POLICE Magazine

SEP 2017

Magazine for police and law enforcement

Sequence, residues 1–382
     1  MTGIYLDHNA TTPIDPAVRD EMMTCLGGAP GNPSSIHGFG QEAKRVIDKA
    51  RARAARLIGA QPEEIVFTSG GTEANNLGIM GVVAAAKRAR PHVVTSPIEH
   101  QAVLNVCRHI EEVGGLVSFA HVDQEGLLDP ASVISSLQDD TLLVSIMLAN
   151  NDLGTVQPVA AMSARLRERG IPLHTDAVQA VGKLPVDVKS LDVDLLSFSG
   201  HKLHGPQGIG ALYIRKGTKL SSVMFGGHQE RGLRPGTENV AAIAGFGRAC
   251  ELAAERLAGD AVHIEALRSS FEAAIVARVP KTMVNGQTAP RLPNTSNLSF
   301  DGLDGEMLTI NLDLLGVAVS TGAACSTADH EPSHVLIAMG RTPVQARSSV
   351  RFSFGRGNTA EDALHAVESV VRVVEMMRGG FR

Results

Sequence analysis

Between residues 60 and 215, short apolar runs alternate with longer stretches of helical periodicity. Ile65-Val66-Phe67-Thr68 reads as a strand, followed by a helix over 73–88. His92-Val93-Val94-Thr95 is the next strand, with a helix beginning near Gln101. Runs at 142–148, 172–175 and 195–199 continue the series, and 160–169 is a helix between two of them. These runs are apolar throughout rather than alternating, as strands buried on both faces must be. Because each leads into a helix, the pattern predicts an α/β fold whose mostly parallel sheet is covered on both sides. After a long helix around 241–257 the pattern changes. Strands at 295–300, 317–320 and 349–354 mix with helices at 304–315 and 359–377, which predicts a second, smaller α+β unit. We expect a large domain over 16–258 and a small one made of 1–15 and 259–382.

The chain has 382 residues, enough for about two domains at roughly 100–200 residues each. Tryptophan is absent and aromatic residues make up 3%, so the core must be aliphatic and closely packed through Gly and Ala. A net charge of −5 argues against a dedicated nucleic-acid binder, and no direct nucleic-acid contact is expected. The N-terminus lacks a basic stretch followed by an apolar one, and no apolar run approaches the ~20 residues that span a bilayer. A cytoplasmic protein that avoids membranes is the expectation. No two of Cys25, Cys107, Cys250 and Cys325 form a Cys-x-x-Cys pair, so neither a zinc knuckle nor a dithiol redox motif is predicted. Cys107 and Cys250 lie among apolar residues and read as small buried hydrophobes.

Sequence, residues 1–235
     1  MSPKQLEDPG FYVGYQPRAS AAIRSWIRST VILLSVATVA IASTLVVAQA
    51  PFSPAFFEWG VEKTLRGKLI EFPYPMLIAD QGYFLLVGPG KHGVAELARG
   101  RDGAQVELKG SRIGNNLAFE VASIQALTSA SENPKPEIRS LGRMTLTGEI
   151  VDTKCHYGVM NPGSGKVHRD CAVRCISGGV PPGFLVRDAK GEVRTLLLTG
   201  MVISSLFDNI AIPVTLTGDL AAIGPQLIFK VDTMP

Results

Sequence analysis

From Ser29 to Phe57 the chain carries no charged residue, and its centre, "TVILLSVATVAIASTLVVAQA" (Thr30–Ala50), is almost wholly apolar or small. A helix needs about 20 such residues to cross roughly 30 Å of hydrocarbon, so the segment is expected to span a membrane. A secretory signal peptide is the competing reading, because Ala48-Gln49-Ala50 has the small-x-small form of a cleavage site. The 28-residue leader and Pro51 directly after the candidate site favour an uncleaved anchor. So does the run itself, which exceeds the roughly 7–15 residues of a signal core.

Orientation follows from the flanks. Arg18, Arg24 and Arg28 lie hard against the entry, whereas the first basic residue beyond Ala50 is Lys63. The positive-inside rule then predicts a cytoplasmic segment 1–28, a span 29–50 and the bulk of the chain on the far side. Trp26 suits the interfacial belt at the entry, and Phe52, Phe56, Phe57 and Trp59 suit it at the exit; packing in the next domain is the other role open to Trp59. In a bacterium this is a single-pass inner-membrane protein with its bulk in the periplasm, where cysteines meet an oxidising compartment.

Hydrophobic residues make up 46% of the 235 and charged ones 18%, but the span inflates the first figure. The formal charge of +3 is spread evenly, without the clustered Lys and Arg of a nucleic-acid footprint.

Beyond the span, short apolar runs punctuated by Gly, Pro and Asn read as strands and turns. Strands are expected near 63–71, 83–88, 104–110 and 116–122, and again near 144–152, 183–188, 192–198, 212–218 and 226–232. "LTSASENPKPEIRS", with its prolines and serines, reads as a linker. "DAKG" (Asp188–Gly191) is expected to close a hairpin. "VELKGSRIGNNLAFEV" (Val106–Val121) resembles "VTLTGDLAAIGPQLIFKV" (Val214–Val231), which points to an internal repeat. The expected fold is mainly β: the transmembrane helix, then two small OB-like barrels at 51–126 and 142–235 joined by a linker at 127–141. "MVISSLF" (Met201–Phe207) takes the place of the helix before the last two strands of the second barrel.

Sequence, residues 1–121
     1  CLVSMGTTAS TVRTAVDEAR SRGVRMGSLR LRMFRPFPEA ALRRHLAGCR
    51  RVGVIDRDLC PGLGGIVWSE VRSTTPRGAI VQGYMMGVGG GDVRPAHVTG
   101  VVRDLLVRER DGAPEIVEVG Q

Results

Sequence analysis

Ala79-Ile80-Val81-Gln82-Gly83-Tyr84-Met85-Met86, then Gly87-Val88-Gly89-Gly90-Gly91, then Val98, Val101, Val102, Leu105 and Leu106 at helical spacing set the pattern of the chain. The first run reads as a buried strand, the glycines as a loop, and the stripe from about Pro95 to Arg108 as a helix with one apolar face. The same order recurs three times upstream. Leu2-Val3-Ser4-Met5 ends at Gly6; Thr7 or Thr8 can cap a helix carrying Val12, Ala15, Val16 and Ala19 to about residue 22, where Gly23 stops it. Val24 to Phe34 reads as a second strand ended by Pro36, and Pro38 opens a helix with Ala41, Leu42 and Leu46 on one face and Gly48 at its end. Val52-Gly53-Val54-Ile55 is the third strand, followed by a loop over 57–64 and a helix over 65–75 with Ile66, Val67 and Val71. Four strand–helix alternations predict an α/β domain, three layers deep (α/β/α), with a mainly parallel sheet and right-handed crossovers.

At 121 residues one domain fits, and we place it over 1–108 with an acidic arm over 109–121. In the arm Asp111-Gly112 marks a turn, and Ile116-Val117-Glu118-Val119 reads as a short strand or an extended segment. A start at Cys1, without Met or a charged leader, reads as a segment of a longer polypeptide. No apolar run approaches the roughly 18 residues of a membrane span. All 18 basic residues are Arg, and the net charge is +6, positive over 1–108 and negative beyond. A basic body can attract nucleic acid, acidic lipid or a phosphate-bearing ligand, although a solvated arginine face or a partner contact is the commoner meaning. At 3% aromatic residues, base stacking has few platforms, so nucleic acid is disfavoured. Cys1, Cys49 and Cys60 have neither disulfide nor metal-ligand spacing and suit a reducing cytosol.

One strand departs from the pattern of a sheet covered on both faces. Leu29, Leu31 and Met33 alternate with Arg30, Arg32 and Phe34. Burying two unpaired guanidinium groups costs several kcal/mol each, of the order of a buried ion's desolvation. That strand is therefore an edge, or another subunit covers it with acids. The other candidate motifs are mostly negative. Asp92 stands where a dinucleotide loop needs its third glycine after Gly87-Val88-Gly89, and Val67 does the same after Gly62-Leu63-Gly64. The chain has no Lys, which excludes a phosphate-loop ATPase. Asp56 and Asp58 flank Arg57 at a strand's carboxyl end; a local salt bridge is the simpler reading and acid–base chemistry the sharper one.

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40 POLICE SEPTEMBER 2017 MODEL A NEW MINDSET Tranter believes the shift toward the acceptance of civilian CSIs has occurred because of advances in forensic technology. "ere is so much to learn now," she says. "It's become more science- based. We now need CSIs who have the education, skills, and mindset to think about a crime scene scientifically." As this paradigm shift took place, so too did a shift in law en- forcement's views on what makes a good CSI. Pennica points out that in the past, the old-school CSI had a mindset that leaned toward law enforcement rather than science, but that mindset doesn't work well in today's high-tech forensic world. guy—and it's the right bad guy." Parker likens it to putting together a jigsaw puzzle, but without the picture on the box to guide you. "We get this 500-piece jigsaw puzzle and its thrown all over the room, but the box with the pic- ture on it is gone. We don't know what we are trying to build so it's very important we take the physical evidence and put it together correctly to paint a picture for the criminal justice system. But not everyone is good at putting together a puzzle like this." In this scenario, the Greensboro PD and the bureau look for an educational background in science. "It doesn't need to be a major in science, but candidates do need some sort of scientific background," says Pennica. PRACTICE GOOD POLICY Hiring civilians is not possible, however, without full depart- ment buy-in for non-sworn CSIs, which begins at the top, agree Pennica and Tranter. Before making the move, department leaders need to have open discussions with sworn officers about the reason for the change, the skills the department seeks in the civilian coun- terparts, what will be expected of these hires, and the fact that sworn and non-sworn CSIs will be treated the same. "e conversation we've had with our sworn CSIs has been, 'How often do you really use your power?'" says Pennica, who notes that in the bureau CSIs are never put in a position where they take enforcement action. "We've found that the sworn officers who really care about the agency and want to see it flourish accept the change because there are not many cops out there with degrees in forensic sci- ence," he adds. "But there are a lot of smart, highly energetic CIVILIAN CSIS "Basically, we're now looking for sworn officers who think like scientists," says Pennica. "But enforcing laws, stopping cars, in- terviewing witnesses, and interacting with suspects is a whole different ball game than taking a scientific approach to collect forensic evidence at a crime scene. ey are completely different skillsets." So, what does make a good CSI? Well, Parker says whether someone is sworn or civilian is not on his list. What does top his list is a good sense of logical deduction. He explains, "In the crime scene world, you're taking a lot of nebu- lous information that's being thrown at you from victims, detec- tives, even law enforcement. en you have physical evidence you are interpreting in conjunction with all this other informa- tion. You have got to be able to sort through that logically to de- duce what likely happened. If you do it right, you catch the bad "We now need CSIs who have the education, skills, and mindset to think about a crime scene scientifically." —Kelly Tranter, director of Greensboro Police Department's Forensic Services Division young professionals with these degrees who couldn't care less about the gun and the badge; they just want to use science to solve crimes." Once civilian CSIs are on staff, it's essential that command staff set the example. "If you have a sergeant showing biases to- ward civilian CSIs, that's going to trickle down to patrol officers," says Tranter. "ere has to be a cultural shift that trickles from the top down." Policy should also treat everyone the same. At the bureau, ev- eryone is issued the same color uniforms to create greater unity among staff. Its pay scale for civilian and sworn CSIs is also the same. Bureau CSIs start at $43,500 and their pay goes up for every year of experience, if they know a foreign language, if they have a master's degree, and so on. e bureau also changed its overtime system and made it uni- form for sworn and civilian CSIs. Pennica explains that a sworn officer can work 160 hours in a 28-day cycle. ey only receive overtime after they exceed 160 hours. us, a department can have them work 80 hours one week, 80 hours the next week, and PHOTO: POLICE FILE

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